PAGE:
ONYACH: The dying African voices we must resurrect in 2016
By Abiud Onyach
We have ushered in a New Year and we are all excited to live up to our New Year resolutions- including those who know they’ll abandon them this month. .
This season has a way of renewing hope; sadly the same wind doesn’t blow in some African countries this time of the year.
Indeed there are those who expect little from this year. They lost loved ones, needlessly, in a horrifying fashion from the hands of a government that is supposed to protect them. From Burundi, South Sudan to Ethiopia a mood of distrust between a people and its government hangs in the air.
While the rest of us are grateful for the peace and the promises the New Year brings, we must not forget these voices, lest we lose what makes us Africans, lest we lose our hope for humanity.
As the Kiswahili proverb goes: “When you see your neighbor’s head shaved, pour water on yours.” The trouble in Burundi may not be as far and unrelated from us as we would like to think, and if leaders like Nkurunzinza have their way-they only serve to bolster the resolve of other leaders who are hell bent on violating human rights.
Hiding behind ‘sovereignty’
At no time in the history of independent Africa has the term sovereignty been misused and the non-interference policy used to protect a despot like we’ve seen in 2015.
Sovereignty loosely interpreted is the respect accorded any country as an independent nation capable of self-rule. Under this guise, leaders say that no country is expected to get involved in the internal affairs of another country, even if the said country is bleeding itself to extinction.
Politicians with dictatorial tendencies have thus abused their country’s sovereignty to prevent any form of accountability outside their spheres of influence. On the back bone of non-interference policy, they are denying their citizens basic human rights and brutally dealing with those who oppose them.
In 2015, President Nkurunziza, against popular opinion, insisted on running for a third term despite having already served his two terms as outlined in their constitution.
This selfish leader took advantage of a legal loophole over his first election because he was first elected president by Members of Parliament, who were acting as an electoral college.His argument is that the electorate did not vote in his first term, only in his second term hence the legitimacy of his third term.
Since April last year (2015), at least 400 people have died, scores left injured while 220, 000 people are now refugees in neighboring countries according to the official UN figures.
Already, Nkurunzinza has threatened to fight African Union (AU) peace keepers, following AU’s announcement to send troops to protect civilians.
I cannot wrap my head around the number of innocent children and women affected by this single act of selfishness. Take a moment to think about the lost dreams, the dashed hopes and the bitterness planted in people’s hearts.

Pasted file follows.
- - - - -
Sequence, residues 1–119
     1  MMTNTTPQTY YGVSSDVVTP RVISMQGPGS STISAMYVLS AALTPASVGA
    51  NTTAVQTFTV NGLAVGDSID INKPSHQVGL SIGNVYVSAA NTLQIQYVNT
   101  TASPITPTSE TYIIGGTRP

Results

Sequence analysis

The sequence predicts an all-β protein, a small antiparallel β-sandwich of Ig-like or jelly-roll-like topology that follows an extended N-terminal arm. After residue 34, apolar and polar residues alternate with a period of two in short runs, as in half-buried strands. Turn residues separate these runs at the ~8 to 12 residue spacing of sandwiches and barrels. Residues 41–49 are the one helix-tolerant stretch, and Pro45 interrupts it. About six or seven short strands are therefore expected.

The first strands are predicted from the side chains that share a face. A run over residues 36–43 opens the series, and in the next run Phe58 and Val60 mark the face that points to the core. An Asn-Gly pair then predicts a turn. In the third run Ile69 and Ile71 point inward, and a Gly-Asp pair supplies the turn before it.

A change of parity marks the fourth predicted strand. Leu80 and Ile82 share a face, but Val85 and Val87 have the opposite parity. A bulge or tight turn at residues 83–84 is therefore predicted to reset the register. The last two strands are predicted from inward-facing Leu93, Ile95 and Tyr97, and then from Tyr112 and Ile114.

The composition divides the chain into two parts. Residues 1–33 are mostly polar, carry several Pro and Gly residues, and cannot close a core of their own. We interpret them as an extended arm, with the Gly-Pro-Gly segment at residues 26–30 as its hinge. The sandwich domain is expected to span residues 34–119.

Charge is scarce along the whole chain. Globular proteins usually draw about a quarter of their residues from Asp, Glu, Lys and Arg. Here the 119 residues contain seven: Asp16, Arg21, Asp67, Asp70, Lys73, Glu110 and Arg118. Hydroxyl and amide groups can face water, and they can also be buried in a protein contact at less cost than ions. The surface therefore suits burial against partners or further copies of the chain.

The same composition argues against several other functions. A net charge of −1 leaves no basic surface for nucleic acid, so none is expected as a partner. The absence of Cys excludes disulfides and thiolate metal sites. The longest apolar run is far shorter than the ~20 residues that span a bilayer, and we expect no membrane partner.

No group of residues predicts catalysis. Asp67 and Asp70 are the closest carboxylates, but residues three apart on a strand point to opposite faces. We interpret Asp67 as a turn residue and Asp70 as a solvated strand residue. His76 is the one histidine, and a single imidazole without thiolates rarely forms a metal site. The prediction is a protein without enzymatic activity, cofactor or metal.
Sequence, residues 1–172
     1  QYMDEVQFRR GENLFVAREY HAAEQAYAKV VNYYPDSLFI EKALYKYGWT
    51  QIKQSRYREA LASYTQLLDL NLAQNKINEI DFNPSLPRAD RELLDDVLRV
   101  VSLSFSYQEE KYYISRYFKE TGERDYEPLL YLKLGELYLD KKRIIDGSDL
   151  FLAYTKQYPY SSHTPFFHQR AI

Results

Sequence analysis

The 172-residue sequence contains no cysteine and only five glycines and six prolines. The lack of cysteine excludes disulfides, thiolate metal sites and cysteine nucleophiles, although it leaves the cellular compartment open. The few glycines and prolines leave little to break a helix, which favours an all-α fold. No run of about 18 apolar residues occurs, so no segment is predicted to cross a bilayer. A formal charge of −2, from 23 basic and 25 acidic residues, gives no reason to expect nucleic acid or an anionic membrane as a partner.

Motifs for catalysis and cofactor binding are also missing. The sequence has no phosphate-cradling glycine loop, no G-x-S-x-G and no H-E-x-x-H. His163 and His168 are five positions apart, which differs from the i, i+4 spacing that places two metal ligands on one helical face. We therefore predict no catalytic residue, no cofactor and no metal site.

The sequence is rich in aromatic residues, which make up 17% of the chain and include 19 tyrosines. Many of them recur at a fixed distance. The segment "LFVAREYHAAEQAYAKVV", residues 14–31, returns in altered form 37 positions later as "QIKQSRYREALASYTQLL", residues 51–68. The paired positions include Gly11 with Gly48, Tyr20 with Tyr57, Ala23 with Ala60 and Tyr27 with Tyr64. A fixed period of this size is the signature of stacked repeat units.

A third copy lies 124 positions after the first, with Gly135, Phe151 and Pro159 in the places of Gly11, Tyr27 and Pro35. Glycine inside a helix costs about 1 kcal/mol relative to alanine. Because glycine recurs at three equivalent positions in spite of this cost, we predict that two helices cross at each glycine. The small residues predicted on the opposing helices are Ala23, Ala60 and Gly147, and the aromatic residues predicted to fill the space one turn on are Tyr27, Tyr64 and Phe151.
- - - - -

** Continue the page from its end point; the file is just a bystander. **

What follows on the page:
This is why we can’t remain silent in 2016. All of us must make our voice heard. We cannot sit mum as another not another genocide takes place in Burundi.
Africa’s youngest failure
South Sudan is another African country with perhaps the most disappointing leaders in African history. After the 2011 secession from Sudan, the country plunged into civil war in 2013 displacing at least 2.2million people.
The great Garang must turn in his grave severally every time we mention Riek Machar or Salva Kirr.
After lengthy stays at luxurious hotels, the two leaders have made numerous peace-pacts in a bloody game they seemingly enjoy to play. One minute they are signing peace agreements, but before the ink dries they’ve already begun showing reservations, at times blatantly dishonoring these pact a mere 48 hours after they have been made,.
Meanwhile, South Sudanese citizens continue to die and with the luckier ones finding their way to refugee camps in other countries.
This too must stop in 2016. We should project the voice of the South Sudanese loud enough to make these two leaders realize South Sudan is bigger than their colossal egos.
The problem with this non-interference policy is that it easily oils the engine of dictatorship and gives license to leaders to kill and plunder their own with little or no consequences.
As we turn a new leaf in 2016, in Ethiopia the Oromo community remains anxious after the government designed an infrastructure development plan that appears malicious and bent on grabbing land from the largest ethnic group in the country.
Scores have been killed and a lot others injured and displaced from their land all in the name of development.
While shiny new developments are the crowning jewel of any regime, infrastructural development is useless if humanity is not at the heart of it.
In 2016, we must raise the voice of the Oromo farmers who are driven away from their farmlands into poverty by their government.
In 2016, in addition to all those resolutions we’ve written down and hope to act on, let all Africans, especially, East Africans resolve to stand with the people of Burundi, South Sudan and Ethiopia.
Let us make our voices heard so that 2016 will not be another 2015 where fewer people made life unbearable for the majority over inexcusable selfish interests.
The writer is a Kenyan journalist and communication consultant based in Dar es Salaam. <firstname.lastname@example.org>
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